Make a Trip or Take a Trip: Which is Correct?

Make a Trip or Take a Trip

When planning an adventure or a journey, we often come across the question of whether to “make” or “take” a trip. Both phrases seem to convey a similar idea, but are they truly interchangeable? In this article, we’ll explore the differences between “make a trip” and “take a trip,” and when to use each one correctly. By understanding their nuances, you’ll be able to communicate more effectively and confidently in your travel plans.

Make a Trip:

When we say, “make a trip,” it implies the act of creating or organizing a journey. This phrase is often used when someone is actively planning or arranging the details of a trip. For example, if you’re coordinating travel logistics, deciding on destinations, or scheduling activities, you are “making a trip.”


  • I need to make a trip to the travel agency to book our flights.
  • Let’s make a trip to the grocery store before we leave.
  • I have to make a trip to the post office to mail these letters.
  • Let’s make a trip to the park this weekend for a picnic.
  • She made a trip to the library to borrow some books for her research.

Take a Trip:

On the other hand, “take a trip” suggests the act of going on a journey or excursion. It is commonly used when discussing the actual travel experience, emphasizing the act of departing for a destination. If you’re physically moving from one place to another, you are said to “take a trip.”


  • We decided to take a trip to the mountains for the weekend.
  • I want to take a trip around the world someday.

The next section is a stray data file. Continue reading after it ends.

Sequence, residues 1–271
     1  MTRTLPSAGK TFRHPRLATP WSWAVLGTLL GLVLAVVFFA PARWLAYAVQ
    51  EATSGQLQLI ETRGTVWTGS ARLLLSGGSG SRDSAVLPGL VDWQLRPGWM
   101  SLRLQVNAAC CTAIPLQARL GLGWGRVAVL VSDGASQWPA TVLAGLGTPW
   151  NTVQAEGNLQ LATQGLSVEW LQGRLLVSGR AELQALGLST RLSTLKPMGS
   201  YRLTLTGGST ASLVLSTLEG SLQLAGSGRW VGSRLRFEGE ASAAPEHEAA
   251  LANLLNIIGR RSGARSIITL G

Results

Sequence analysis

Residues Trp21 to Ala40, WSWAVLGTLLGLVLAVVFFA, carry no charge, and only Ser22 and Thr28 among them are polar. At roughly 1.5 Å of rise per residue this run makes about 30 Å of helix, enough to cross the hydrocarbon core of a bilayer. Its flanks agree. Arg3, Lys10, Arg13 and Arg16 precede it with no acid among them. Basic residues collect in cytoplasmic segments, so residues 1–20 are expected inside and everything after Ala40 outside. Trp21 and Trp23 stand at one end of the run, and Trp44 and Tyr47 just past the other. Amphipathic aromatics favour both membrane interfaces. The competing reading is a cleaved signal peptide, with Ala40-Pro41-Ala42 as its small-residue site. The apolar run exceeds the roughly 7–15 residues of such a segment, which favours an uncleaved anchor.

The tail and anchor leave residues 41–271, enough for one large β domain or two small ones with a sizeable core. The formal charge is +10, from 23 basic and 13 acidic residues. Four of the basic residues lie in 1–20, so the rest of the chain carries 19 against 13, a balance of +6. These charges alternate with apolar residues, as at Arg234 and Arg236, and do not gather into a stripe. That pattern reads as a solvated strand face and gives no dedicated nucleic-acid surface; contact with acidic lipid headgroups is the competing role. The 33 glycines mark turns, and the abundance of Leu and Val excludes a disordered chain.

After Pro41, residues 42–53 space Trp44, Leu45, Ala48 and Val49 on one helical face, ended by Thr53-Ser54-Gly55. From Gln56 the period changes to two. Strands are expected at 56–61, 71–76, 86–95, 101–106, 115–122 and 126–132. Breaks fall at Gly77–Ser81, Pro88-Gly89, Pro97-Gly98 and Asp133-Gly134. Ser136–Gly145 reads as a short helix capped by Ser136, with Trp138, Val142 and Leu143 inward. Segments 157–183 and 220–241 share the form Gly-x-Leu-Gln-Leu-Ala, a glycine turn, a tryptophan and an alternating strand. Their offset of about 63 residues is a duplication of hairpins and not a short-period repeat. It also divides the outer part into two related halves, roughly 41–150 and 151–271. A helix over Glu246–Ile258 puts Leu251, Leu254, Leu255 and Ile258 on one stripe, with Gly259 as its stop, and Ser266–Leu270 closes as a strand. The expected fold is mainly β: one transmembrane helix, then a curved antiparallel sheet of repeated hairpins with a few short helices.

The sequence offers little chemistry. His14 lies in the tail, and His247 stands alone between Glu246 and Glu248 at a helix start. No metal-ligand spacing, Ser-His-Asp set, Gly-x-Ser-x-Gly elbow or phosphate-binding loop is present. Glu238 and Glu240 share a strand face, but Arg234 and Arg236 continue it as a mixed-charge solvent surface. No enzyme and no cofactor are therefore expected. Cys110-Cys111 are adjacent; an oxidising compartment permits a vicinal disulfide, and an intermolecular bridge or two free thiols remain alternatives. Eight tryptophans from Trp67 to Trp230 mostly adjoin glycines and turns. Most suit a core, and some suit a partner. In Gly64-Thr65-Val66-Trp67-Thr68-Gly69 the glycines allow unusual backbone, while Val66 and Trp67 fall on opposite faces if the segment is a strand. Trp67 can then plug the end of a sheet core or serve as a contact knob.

• We’re planning to take a trip to the beach next month.
  • He took a trip to Japan to experience the culture and cuisine.
  • Let’s take a trip to the mountains for some hiking and camping.

Key Differences:

  • Action vs. Journey: “Make a trip” emphasizes the action of initiating a journey, while “take a trip” focuses on the journey itself.
  • Initiator vs. Participant: In “make a trip,” the traveler is the initiator of the journey, whereas in “take a trip,” the traveler is participating in the journey.

Idiomatic Usage:

English is rich in idiomatic expressions, and both “make a trip” and “take a trip” have idiomatic variations that add depth to their usage.

“Make a Trip of It”:

The phrase “make a trip ofd it” is an idiomatic expression that suggests extending a journey to include additional activities or experiences.


  • Instead of just attending the conference, why not make a trip of it and explore the city afterwards?

“Take a Trip Down Memory Lane”:

The expression “take a trip down memory lane” is another idiom, not directly related to physical travel but metaphorically refers to revisiting and reminiscing about the past.


  • Looking at old photo albums can be a wonderful way to take a trip down memory lane.

Common Mistakes to Avoid:

While “make a trip” and “take a trip” are both correct in their respective contexts, it’s crucial to avoid common mistakes that may arise from misunderstanding their usage.

Incorrect Use of “Make a Trip”:

Using “make a trip” when referring to the actual act of traveling can lead to confusion. Remember that “make a trip” is primarily associated with the planning and preparation phase.

Incorrect Example:

  • We decided to make a trip to the beach last weekend.

Incorrect Use of “Take a Trip”:

Conversely, using “take a trip” when discussing the planning phase may also create confusion. Reserve “take a trip” for when you are physically on the move.

Incorrect Example:

  • I need to take a trip to the travel agency to organize our itinerary.

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